The University of Iowa’s General Catalog, which contains all the courses offered by 11 colleges, has a permanent look to it. You’re tempted to think it couldn’t change. But in reality, new courses, departments, and majors appear each year and others, no longer relevant to students as they once were, disappear.
Here are two majors that enrolled students for the first time this fall semester.
A new multidisciplinary undergraduate major in international studies combines the popular global studies major with the University’s area studies program, which has helped students to learn about a region of the world while studying one of the region’s languages.
Johanna Laing, a former business major who intends to go into the Peace Corps and later into the United States Foreign Service, declared the new major as soon as she heard about it. As a senior, she benefits from being able to transfer international courses she had taken into her new major.
“I’m an international studies major with emphases in international business and international politics and relations, as well as minors in business and Spanish,” she says. “I have the opportunity to focus on my particular areas of interest for a strong international education foundation.”
Christopher Roy, former associate dean of International Programs, says the program expects to have 300 majors by 2005, based on the experience of other Big Ten universities’ programs. He said the major was under discussion before Sept. 11, 2001, but took on a new urgency following the terrorist attacks on that day.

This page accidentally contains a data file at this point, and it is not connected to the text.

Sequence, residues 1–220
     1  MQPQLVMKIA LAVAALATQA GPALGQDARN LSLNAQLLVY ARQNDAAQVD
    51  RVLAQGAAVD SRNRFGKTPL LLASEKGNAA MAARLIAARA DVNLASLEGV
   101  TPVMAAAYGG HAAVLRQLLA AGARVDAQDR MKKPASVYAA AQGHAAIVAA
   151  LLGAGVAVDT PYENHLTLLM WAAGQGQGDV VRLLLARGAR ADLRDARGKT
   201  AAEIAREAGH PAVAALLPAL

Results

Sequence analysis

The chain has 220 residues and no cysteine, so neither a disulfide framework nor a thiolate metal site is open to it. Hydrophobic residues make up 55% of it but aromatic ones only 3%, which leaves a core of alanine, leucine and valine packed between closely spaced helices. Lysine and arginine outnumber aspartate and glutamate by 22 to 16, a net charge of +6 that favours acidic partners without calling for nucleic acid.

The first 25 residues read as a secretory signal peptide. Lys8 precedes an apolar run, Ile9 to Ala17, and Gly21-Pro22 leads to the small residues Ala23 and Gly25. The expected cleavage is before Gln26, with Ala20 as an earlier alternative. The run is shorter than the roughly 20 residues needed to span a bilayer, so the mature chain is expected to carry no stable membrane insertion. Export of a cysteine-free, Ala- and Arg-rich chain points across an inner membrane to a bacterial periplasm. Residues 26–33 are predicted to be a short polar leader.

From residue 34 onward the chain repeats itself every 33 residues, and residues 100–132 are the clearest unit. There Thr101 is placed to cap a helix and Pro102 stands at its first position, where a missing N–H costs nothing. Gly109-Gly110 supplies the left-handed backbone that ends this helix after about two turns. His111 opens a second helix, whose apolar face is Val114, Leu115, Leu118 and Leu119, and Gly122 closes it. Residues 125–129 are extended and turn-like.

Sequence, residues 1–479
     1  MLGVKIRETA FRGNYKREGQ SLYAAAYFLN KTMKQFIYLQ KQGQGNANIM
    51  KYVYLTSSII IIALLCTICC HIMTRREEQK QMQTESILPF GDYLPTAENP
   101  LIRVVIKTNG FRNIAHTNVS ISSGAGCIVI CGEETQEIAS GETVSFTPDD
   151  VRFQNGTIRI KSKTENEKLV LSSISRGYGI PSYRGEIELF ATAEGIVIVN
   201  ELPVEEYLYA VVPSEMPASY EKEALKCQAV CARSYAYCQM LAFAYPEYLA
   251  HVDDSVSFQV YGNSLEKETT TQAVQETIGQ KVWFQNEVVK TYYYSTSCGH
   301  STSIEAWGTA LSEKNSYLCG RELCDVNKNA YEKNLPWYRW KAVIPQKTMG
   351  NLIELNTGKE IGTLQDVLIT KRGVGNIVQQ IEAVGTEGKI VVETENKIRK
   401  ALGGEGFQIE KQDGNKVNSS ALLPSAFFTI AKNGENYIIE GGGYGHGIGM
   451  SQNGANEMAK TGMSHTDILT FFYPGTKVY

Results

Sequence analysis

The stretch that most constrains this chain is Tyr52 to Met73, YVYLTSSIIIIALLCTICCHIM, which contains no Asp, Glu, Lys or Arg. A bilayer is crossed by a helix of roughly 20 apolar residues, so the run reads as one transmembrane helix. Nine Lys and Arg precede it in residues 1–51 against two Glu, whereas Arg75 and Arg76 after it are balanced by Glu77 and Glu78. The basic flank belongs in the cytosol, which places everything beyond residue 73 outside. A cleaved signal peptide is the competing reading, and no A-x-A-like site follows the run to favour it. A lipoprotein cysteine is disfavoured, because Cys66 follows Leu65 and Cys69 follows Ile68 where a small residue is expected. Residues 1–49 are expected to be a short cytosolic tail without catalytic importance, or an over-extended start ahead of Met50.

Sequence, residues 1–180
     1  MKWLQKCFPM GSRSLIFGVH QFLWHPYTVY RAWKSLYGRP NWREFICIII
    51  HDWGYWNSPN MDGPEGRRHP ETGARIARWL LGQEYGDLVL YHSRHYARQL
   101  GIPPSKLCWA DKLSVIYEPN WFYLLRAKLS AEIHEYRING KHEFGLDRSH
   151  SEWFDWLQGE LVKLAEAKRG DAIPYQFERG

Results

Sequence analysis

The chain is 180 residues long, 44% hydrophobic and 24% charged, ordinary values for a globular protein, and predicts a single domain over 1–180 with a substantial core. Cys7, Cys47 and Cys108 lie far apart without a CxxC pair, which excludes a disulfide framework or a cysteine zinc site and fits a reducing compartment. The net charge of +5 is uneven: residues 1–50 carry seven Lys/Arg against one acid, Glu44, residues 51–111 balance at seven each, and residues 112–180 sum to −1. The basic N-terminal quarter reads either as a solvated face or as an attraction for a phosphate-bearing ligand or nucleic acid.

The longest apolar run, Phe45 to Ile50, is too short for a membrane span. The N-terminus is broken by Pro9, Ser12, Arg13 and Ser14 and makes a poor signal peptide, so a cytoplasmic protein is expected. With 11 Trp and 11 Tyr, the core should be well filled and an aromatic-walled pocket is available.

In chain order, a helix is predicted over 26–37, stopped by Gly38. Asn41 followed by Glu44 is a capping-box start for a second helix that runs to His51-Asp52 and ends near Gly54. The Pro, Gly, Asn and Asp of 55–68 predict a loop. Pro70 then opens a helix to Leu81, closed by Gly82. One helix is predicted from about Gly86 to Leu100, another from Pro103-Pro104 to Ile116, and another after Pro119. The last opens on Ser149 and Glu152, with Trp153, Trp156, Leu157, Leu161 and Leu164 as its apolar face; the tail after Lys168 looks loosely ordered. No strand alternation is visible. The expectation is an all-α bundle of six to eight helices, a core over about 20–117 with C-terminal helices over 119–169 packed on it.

“We’ve gotten more inquiries from undergraduates in other majors interested in declaring a double major with international studies,” he says. “Since nearly all fields of study are feeling an increasing need to emphasize international content, international studies offers opportunities for courses or a double major to students in such disciplines as history, economics, journalism, political science, art and art history, and anthropology.”
Students may select either a thematic or geographic emphasis within the major—a thematic emphasis on international business, war, peace and security, or global resources and the environment, for example, or a geographic emphasis on East Asian studies or European studies.
All students study a language as part of the General Education Program, but international studies majors will add two semesters of advanced study to that minimum requirement. In all, the major requires 36-37 semester hours of credit.
A $1,000 scholarship is available for study abroad, and all students electing the major are urged to take advantage of it, Roy says. They also may be eligible for other financial assistance for this portion of their education.
Laing recommends that students study abroad.
“The study abroad experience provided a new foundation in my life: a tolerance for ambiguity, a passion for diverse knowledge, and the chance to polish my Spanish,” she says.
Her trip to Seville, Spain, came before she was eligible for the scholarship, but she’s been talking with new associate dean for International Programs, Teresa Mangum, and with Blythe Burkhardt, coordinator of International Academic Programs, about doing a second trip this year.
In the last year of study, international studies majors enroll in Senior Project, completing a 15- to 20-page research paper on a topic within the student’s emphasis area while working with a faculty member in that area.